Fortress of Solitude

Today I finished reading (with some regret) Jonathan Lethem’s Fortress of Solitude, which I thoroughly enjoyed.

It’s a sprawling epic covering 30-some years of a guy’s life that somehow blends the grittily realistic description of a white kid growing up with a single and distant parent in ostensibly black 70’s Brooklyn, with the magical realism of his comic book superpowers! A bit like a cross between Richard Ford and Gabriel Garcia Marquez, if you can imagine such a thing.

I’m not going to review the book here, as that’s been done plenty of times already (just try Googling it), but part of the appeal of the book for me was that the main protagonist, Dylan Ebdus, grew up around the same time as I did, in the neighbourhood that I currently live in; like Motherless Brooklyn (the other book of Lethem’s that I enjoyed), the bulk of this story is set in Brooklyn’s Boerum Hill, just a few blocks north of where I’m sitting right now.

This whole neighbourhood has undergone significant gentrification over the last few decades, and this process is described in detail throughout the book:

“..there was no understanding until I saw it with my own eyes: impoverished Smith Street had been converted to an upscale playground.”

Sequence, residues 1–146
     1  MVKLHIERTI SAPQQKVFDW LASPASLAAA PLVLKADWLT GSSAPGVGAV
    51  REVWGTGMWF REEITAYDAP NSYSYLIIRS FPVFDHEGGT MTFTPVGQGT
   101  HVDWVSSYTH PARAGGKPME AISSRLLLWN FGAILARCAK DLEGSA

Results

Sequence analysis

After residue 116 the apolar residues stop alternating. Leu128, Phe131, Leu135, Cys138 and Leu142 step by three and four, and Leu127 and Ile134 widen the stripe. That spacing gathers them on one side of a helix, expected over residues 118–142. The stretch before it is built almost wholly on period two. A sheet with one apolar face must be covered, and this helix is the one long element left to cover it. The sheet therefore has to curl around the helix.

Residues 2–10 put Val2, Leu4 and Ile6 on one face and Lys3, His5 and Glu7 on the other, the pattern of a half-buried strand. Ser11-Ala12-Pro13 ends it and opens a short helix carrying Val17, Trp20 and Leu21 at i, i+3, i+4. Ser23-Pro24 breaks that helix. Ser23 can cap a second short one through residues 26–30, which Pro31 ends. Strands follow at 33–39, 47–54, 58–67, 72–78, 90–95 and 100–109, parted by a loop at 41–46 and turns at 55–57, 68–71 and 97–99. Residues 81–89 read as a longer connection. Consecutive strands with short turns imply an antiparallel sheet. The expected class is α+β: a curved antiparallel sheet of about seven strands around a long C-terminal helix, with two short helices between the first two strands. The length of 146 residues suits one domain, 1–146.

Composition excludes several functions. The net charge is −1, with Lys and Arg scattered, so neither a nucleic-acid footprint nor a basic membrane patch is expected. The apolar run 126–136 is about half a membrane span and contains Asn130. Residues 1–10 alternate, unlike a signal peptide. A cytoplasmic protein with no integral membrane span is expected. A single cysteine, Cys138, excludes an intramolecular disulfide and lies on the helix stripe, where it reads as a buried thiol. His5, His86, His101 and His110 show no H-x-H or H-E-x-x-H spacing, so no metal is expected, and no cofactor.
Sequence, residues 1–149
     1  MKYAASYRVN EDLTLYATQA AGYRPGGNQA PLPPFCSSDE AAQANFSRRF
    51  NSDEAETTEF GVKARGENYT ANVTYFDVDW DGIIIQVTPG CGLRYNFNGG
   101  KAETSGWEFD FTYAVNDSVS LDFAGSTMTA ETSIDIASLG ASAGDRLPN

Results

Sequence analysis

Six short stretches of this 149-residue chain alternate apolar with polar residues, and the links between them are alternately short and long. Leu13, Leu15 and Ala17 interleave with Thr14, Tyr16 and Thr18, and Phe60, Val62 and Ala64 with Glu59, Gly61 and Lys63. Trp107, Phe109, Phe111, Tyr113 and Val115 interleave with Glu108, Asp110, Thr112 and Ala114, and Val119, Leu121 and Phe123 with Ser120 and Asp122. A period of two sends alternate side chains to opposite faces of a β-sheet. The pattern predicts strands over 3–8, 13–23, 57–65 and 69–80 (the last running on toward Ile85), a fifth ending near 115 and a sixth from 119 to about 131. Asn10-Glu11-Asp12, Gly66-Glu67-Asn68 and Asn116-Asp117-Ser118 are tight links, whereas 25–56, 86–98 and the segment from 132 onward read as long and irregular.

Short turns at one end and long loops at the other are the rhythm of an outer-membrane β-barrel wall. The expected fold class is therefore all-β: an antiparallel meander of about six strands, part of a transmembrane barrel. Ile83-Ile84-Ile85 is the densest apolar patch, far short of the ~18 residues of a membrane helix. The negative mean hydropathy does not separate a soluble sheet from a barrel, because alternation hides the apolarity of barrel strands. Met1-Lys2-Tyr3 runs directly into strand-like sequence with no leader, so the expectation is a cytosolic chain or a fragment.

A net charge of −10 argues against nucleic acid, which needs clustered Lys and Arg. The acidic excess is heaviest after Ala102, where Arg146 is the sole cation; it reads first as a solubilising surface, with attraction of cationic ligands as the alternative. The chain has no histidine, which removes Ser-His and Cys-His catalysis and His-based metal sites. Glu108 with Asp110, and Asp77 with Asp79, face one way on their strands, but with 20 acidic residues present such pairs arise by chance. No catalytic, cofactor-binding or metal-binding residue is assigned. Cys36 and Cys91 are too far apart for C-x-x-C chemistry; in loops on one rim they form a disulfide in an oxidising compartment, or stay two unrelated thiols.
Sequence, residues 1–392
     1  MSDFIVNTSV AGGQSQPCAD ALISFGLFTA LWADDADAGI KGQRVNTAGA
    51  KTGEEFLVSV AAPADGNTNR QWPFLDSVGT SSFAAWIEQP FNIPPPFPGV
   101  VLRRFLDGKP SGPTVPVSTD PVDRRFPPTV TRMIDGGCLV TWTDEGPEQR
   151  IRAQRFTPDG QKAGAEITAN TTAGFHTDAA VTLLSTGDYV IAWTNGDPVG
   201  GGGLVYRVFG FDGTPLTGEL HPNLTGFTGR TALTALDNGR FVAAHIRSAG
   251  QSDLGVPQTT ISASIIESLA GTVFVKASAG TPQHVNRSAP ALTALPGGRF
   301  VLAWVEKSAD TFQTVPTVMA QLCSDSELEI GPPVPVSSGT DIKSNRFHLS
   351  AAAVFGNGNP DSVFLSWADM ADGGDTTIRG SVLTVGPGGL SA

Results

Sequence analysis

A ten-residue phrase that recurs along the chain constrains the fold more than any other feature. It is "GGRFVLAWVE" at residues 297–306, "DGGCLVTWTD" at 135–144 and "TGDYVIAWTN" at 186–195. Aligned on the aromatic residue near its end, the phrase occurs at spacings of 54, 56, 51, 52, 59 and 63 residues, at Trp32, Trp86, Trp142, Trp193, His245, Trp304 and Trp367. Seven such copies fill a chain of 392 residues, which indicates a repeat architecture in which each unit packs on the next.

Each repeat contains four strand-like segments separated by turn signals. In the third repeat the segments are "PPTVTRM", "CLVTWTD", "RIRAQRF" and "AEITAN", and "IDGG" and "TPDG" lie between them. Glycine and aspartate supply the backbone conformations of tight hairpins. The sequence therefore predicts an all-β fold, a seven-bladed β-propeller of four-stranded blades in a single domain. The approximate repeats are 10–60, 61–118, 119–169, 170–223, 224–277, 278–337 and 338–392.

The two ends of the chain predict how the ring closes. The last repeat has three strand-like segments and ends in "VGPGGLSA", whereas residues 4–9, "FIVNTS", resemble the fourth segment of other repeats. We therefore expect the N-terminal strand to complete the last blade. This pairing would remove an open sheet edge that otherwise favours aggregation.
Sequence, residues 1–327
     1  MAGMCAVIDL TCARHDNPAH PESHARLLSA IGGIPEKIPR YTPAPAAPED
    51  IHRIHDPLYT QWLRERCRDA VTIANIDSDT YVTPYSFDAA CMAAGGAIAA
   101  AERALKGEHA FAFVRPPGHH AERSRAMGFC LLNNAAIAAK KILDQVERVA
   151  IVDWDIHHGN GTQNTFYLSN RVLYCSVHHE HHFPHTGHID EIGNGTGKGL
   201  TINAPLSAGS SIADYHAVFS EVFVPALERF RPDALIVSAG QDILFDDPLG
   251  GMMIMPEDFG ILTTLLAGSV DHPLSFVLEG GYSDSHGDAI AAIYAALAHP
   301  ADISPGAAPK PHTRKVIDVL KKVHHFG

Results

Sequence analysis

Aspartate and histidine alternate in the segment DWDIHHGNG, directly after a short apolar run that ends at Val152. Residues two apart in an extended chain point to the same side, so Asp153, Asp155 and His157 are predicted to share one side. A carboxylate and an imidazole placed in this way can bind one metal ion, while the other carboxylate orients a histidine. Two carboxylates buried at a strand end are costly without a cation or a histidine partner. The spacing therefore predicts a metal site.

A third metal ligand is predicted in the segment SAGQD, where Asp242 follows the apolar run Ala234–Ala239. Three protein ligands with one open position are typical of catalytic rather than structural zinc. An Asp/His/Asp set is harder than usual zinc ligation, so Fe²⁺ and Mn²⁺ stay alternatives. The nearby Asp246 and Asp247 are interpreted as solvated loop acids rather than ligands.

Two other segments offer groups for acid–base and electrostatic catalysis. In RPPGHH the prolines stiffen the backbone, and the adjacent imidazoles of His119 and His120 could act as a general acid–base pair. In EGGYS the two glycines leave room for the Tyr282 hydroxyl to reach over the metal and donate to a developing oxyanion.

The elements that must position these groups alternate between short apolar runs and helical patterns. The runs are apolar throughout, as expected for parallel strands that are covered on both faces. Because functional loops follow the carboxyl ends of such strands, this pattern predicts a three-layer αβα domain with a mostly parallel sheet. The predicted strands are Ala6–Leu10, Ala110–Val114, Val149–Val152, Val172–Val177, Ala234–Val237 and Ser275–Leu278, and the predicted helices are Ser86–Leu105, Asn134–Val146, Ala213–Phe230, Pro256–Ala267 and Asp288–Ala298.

“The street would be barely recognizable for how chic it had become, except the Puerto Ricans and Dominicans had stuck around. They were refugees in their own land, seated on milk cartons sipping from paper bags, wheeling groceries home from Met Food, beckoning across the street from third floor sills, trying to pretend gentrification hadn’t landed like a bomb.”

The other thing I found interesting about the book is that it switches from a third-person to a first-person narrative about half-way through.

Anyway, I really enjoyed both books, so here are the “filthy lucre” commission links:

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